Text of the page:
Data & Methods

We aim to reliably estimate the instantaneous reproduction number $R_t$ across local authorities in the UK with appropriately quantified uncertainties.


We use publicly available Pillar 1+2 daily counts of positive PCR swab tests by specimen date, for:

  • 312 lower-tier local authorities (LTLA) in England (here),
  • 14 NHS Health Board level in Scotland (each covering multiple local authorities) (here), and
  • 22 Unitary local authorities in Wales (here).

Other data sources:

  • UK 2011 Census commuter flow data (here),
  • ONS UK population estimates from mid 2019 (here).


At its core, our Bayesian method uses a renewal equation formulation of epidemic dynamics within each local authority, building on the methods of Cori et al (2013) and Flaxman et al (2020).

Specific extensions that we have employed to adapt the renewal equation approach to our local-level model:

  • Correlations in effective $R_t$ across neighbouring local authorities and across neighbouring points in time are modelled using a spatio-temporal Gaussian process. This allows for sharing of statistical strengths.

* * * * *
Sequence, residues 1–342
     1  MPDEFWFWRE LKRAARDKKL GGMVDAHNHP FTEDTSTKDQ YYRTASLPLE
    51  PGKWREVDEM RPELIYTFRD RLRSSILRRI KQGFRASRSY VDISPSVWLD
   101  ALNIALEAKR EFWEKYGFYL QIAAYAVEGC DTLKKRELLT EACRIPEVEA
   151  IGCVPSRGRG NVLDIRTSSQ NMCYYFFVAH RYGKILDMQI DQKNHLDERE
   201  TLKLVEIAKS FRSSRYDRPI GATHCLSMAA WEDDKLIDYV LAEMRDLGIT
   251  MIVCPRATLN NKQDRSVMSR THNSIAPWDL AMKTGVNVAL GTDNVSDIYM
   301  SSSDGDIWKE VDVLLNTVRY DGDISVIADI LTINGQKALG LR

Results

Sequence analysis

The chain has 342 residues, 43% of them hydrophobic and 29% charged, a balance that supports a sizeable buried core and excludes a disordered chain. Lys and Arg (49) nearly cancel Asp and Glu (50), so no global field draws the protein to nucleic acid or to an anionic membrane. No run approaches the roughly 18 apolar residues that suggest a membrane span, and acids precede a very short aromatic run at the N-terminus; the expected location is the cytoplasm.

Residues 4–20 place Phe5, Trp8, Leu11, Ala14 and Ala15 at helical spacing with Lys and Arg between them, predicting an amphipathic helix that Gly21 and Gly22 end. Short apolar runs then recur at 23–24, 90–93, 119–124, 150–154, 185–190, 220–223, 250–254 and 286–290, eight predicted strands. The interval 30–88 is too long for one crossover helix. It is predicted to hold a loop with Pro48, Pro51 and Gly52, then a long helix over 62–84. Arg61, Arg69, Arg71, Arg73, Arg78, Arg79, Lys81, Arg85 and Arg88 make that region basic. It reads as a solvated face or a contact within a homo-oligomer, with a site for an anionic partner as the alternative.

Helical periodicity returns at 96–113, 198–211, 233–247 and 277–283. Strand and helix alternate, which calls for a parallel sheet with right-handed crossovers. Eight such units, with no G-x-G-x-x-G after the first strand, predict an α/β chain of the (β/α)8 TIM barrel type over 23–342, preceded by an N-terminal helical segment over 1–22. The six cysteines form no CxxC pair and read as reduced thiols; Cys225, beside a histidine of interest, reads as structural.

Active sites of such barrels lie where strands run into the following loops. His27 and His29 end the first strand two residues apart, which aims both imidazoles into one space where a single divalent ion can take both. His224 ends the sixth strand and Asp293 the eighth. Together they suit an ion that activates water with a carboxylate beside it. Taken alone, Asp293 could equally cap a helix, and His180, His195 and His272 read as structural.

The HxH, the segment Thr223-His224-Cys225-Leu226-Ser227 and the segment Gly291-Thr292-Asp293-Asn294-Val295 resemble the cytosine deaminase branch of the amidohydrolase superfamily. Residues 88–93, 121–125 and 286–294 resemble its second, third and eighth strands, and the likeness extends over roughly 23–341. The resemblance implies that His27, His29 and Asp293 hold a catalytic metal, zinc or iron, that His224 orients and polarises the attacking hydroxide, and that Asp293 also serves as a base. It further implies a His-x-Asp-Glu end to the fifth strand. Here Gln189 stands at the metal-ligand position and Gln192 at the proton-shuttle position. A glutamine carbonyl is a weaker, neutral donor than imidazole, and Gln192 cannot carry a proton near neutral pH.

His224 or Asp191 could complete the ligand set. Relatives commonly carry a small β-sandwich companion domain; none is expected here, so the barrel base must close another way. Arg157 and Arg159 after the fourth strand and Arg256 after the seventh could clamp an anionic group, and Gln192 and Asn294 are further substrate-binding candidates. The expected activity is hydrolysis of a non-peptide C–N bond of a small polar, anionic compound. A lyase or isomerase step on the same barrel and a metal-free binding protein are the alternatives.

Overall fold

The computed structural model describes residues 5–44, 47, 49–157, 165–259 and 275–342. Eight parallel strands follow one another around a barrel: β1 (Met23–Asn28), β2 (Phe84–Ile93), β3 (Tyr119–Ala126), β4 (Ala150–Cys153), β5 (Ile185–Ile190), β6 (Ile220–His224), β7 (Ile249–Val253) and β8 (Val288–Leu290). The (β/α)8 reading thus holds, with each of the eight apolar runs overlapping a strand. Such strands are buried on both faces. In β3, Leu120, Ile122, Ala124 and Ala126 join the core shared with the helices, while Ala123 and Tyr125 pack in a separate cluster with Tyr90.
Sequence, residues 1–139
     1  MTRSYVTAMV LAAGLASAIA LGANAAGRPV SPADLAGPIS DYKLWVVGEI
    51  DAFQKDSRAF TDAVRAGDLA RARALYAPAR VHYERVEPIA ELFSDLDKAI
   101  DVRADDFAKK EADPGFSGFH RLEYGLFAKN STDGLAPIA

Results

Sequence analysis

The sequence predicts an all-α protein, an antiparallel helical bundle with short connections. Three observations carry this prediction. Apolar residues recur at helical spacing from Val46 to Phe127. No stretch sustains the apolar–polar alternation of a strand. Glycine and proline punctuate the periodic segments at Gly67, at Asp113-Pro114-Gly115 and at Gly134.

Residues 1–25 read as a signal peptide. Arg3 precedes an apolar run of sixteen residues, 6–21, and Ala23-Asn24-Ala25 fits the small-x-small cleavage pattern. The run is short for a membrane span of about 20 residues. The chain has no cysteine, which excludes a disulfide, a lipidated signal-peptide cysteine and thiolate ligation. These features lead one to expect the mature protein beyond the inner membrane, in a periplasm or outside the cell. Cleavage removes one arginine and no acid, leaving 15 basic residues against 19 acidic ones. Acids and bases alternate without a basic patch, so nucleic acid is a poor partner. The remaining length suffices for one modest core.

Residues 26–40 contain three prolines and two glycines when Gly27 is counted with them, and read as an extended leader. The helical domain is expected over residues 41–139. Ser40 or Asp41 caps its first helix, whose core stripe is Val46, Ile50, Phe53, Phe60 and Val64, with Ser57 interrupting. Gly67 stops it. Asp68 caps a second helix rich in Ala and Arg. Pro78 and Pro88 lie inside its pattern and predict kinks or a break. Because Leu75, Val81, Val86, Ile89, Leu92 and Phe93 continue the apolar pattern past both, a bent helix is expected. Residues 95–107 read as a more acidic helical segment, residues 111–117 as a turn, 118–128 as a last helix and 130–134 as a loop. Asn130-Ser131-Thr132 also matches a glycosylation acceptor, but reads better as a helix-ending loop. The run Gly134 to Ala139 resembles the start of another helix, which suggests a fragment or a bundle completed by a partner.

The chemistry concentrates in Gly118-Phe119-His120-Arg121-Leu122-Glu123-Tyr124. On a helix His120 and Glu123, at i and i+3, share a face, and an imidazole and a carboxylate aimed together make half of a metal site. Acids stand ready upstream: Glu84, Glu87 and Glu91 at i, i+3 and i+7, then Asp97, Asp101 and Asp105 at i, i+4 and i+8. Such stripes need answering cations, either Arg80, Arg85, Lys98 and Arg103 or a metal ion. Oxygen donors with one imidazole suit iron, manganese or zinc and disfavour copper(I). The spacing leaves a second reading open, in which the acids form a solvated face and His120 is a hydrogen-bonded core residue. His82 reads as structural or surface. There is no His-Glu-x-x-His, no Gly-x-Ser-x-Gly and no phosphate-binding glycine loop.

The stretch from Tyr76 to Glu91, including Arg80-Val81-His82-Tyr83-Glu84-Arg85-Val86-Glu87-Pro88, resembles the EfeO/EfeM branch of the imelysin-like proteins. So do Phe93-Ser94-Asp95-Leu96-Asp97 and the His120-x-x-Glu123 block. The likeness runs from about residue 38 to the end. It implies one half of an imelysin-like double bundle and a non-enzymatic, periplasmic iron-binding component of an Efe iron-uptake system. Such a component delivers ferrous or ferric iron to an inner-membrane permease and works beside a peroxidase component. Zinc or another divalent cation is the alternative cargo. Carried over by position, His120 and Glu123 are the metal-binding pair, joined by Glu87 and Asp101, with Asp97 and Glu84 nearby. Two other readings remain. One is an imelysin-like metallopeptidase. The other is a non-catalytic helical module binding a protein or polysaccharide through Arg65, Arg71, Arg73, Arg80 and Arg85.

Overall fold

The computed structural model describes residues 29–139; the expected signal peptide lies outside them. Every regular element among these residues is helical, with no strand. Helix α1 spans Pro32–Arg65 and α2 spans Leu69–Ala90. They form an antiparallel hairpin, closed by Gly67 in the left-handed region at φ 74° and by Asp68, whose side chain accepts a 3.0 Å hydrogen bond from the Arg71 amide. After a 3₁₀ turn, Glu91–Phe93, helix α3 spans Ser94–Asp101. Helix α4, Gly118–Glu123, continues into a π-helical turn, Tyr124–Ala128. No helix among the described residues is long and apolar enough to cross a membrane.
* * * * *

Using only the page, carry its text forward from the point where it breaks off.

• Potential infections that cross local authority boundaries are accounted for using a cross-coupled metapopulation approach. In order to do so, we incorporate real commuter data from the UK 2011 Census (here).
  • Problems associated with noise in the case reporting process, outliers in case counts and delays in the testing and reporting system are alleviated by modelling the epidemic using a latent process with associated observation model for reported cases, following Flaxman et al (2020).
  • We use the No-U-Turn Sampler inplemented in the Stan probabilistic programming system for posterior inference.
  • Because of the computational cost of posterior simulation in the resulting complex model, we split the posterior simulation into two phases: an initial phase which infers the latent epidemic process in each local authority, and a second phase which infers the $R_t$ and metapopulation model parameters.

Detailed description of the method along with additional experiments can be found in this report.

The source code for this project can be found on github.


The raw outputs from the daily runs, including all historic runs, can be found on the deployed branch of the public github repository for this project here.